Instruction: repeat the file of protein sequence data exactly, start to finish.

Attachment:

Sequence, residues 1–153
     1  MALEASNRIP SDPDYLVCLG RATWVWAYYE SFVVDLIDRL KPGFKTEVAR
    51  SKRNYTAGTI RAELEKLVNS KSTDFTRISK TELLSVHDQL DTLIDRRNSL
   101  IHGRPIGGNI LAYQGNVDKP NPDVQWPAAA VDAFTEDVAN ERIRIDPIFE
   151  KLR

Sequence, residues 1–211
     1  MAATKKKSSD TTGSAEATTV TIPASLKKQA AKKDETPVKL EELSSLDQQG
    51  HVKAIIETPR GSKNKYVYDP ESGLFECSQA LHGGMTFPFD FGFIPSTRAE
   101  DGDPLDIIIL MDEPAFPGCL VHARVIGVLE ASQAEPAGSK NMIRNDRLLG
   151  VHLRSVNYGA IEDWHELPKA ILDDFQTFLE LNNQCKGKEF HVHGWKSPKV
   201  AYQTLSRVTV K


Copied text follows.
Sequence, residues 1–153
     1  MALEASNRIP SDPDYLVCLG RATWVWAYYE SFVVDLIDRL KPGFKTEVAR
    51  SKRNYTAGTI RAELEKLVNS KSTDFTRISK TELLSVHDQL DTLIDRRNSL
   101  IHGRPIGGNI LAYQGNVDKP NPDVQWPAAA VDAFTEDVAN ERIRIDPIFE
   151  KLR

Sequence, residues 1–211
     1  MAATKKKSSD TTGSAEATTV TIPASLKKQA AKKDETPVKL EELSSLDQQG
    51  HVKAIIETPR GSKNKYVYDP ESGLFECSQA LHGGMTFPFD FGFIPSTRAE
   101  DGDPLDIIIL MDEPAFPGCL VHARVIGVLE ASQAEPAGSK NMIRNDRLLG
   151  VHLRSVNYGA IEDWHELPKA ILDDFQTFLE LNNQCKGKEF HVHGWKSPKV
   201  AYQTLSRVTV K